Maria Sharapova reached the final of the French Open for the third straight year at Roland Garros Thursday, digging deep to see off the youthful challenge of Canada’s Eugenie Bouchard.
The 27-year-old, seventh seed once again did it the hard way, battling back from a set down to edge the 20-year-old from Montreal 4-6, 7-5, 6-2 in a match full of beefy baseline shot-making. It was the 19th time in a row that the never-say-die Sharapova had won a three-set match on clay, dating back to a loss against Justine Henin at Roland Garros in 2010.
On Saturday, she will take on the winner of the other semi-final opposing fourth seed Simona Halep of Romania and Andrea Petkovic of Germany. For the fast-rising Bouchard, it represents the second time she has reached a Grand Slam semi-final, after this year’s Australian Open, and the second time she has failed to go a step further, having lost to eventual champion Li Na in Melbourne. “She played an unbelievable match. Her level was extremely high today and I am just fortunate to be the winner,” Sharapova said.
“I would prefer to win in two sets, but she started so well. It was tough losing the first set, but that’s not when the match is over.” Both players had been guilty of slow starts earlier in the tournament, but the quality from both was high from the start as the sunshine returned to light up the centre court. Bouchard broke first to lead 3-1, but amid some hefty baseline shot-making, the Russian was soon back on level terms at 4-4.
Bouchard, the WTA Newcomer of the Year in 2013, then produced an inspired game to stun her girlhood idol Sharapova, breaking serve and then holding to take the first set 6-4 in 44 minutes. But Sharapova is seldom as dangerous as when she is behind, especially on clay, as shown in her two previous matches when she dropped the opening set to Samantha Stosur and then Garbine Muguruza. Seeking a fifth Grand Slam title, having completed a career Grand Slam sweep in Paris two years ago, Sharapova jumped out into a 4-1 and then 5-2 lead in the second set.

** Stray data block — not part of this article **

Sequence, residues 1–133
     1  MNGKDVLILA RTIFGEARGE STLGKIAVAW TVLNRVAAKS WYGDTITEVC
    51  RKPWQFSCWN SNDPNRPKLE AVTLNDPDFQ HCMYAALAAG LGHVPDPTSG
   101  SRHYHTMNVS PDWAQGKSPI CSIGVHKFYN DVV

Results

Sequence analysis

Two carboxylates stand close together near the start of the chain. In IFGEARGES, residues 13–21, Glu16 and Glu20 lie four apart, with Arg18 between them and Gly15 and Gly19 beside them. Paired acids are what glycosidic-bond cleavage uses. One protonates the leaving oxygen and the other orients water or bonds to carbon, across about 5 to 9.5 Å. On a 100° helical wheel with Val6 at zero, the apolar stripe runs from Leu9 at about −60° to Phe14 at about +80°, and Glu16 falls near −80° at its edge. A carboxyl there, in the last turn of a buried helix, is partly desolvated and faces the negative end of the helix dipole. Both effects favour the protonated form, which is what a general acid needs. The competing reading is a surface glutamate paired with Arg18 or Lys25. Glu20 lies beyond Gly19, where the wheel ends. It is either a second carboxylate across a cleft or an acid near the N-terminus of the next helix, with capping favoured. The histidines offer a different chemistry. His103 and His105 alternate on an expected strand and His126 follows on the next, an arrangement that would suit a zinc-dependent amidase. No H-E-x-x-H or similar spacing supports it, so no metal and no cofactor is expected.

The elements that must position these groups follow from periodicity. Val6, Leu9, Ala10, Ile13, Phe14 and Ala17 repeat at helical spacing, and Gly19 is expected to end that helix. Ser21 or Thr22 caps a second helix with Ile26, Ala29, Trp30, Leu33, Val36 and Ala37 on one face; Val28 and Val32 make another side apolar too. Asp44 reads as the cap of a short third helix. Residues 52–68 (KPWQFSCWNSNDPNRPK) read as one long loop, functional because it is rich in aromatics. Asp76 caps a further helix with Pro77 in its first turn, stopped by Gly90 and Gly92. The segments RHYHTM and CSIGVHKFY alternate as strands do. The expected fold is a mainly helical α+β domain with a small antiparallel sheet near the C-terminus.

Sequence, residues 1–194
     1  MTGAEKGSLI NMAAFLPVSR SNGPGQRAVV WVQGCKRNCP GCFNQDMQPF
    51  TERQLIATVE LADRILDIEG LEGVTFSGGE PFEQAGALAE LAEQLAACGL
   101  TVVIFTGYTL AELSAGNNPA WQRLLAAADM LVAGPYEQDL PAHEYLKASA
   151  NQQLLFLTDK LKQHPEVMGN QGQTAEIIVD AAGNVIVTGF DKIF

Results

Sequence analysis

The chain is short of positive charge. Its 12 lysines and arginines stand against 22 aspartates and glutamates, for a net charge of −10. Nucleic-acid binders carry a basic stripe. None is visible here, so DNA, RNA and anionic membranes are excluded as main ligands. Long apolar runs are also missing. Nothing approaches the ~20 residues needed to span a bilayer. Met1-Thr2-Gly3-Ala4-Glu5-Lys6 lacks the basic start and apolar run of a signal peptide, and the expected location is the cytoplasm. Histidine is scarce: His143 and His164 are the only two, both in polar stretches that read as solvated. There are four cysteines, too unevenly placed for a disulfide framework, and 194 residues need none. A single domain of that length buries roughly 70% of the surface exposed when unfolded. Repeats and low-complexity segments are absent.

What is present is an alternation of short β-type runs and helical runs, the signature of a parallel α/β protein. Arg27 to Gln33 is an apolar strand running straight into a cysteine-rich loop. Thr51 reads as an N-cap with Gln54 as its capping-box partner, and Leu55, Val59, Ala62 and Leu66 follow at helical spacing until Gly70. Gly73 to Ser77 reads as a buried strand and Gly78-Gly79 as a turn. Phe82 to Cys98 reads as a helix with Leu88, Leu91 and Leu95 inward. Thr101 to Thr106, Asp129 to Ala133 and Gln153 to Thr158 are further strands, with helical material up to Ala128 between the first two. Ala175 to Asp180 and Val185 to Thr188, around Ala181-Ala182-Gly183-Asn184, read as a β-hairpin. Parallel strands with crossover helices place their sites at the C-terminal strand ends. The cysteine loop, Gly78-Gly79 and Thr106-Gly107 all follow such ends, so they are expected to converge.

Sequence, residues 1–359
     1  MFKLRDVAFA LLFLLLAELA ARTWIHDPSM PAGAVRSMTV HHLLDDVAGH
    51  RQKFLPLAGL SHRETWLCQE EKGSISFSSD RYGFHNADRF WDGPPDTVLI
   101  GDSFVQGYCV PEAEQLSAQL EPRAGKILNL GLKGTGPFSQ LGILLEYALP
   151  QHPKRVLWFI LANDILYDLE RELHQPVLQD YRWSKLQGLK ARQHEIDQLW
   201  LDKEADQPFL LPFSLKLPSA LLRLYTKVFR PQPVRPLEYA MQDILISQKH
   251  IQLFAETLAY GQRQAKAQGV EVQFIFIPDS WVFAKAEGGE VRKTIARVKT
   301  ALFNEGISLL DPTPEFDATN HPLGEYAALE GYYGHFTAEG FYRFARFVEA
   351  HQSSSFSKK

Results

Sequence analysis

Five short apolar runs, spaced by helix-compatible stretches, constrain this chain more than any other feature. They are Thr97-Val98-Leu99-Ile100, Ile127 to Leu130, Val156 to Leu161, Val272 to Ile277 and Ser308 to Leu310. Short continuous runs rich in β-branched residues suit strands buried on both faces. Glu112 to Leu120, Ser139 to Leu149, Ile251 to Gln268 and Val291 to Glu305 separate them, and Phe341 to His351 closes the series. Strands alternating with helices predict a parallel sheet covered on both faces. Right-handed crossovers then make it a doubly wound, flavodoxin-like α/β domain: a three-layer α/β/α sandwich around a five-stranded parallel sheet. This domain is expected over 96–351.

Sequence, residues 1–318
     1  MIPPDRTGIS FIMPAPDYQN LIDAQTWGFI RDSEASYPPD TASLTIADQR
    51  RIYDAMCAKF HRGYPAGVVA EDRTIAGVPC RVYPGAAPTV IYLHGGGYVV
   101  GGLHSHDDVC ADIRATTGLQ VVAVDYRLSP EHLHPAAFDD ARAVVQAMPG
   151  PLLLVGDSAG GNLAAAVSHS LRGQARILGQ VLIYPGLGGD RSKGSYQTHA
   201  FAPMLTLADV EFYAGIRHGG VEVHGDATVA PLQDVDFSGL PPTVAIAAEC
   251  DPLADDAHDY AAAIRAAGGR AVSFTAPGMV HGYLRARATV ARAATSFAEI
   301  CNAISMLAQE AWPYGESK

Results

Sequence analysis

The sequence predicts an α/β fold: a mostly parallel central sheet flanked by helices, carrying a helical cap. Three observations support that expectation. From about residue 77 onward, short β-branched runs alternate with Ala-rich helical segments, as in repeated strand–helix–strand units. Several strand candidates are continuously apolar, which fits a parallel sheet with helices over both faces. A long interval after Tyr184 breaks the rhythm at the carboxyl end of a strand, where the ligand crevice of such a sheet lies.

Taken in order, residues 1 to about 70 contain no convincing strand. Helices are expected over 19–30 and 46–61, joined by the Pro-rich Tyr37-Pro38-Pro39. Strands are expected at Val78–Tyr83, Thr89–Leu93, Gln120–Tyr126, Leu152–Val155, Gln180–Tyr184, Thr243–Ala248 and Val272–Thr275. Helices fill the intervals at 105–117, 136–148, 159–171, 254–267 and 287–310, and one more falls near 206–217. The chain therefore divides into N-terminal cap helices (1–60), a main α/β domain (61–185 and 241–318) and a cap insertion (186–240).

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But as so often in the past, Sharapova’s wobbly serve let her down and she let slip four set points, twice due to double faults, as Bouchard battled back to level at 5-5.
Sharapova was in big trouble, but once again she found a way of digging her way out of it, holding serve and then levelling the score by bagging her sixth set point in the following game. Once again, Sharapova’s drive and determination allowed her to dominate the deciding set with Bouchard struggling to stay with the Russian superstar now in overdrive.
Sharapova grabbed a vital break in the third game to lead 4-1 and raced away with the tie as Bouchard wilted, although the Russian still needed five match points to get the job done.
It’s MURRAY vs NADAL
There is not much that spooks Rafa Nadal at the French Open but David Ferrer managed to do just that — for 49 bewitching minutes — before watching in despair as his fellow Spaniard turned into a man possessed to set up a semi-final with Andy Murray.
Facing a rival who had beaten him the last time they had met, Nadal could barely believe his eyes on Wednesday when he dropped his first set of the tournament at 7:36 p.m. local time.
If that gave Ferrer hope that he could join Robin Soderling as the only men to have beaten the eight-times champion at Roland Garros, Nadal quickly squashed those dreams into the red dust as he went on a 10-game rampage en route to inflicting a 4-6 6-4 6-0 6-1 defeat on his countryman.
While Nadal improved his mindboggling French Open win-loss record to 64-1, Murray was relieved to silence the pantomime boos that greeted his arrival on Philippe Chatrier Court.
As dusk fell over Paris, his 6-4 6-1 4-6 1-6 6-0 win over Gael Monfils not only earned him a place in his second semi-final in Paris, but also prolonged France’s 31-year wait for a men’s champion. It was not long before Murray’s thoughts turned to the challenge that lies ahead.
“Rafa has good memories on this court so it will be tough to play him,” said the British seventh seed, who has not won a title since triumphing at Wimbledon last July.
Unseeded pair wins title
Unseeded Anna-Lena Groenefeld of Germany and Dutchman Jean-Julien Rojer won the French Open mixed doubles title on Thursday.
They beat eighth seeds Julia Goerges of Germany and Nenad Zimonjic of Serbia 4-6 6-2 10-7 in the final. Groenefeld won the mixed doubles title at Wimbledon in 2009 with Mark Knowles of the Bahamas.Rojer reached the Wimbledon semi-finals last year with Russian Vera Dushevina.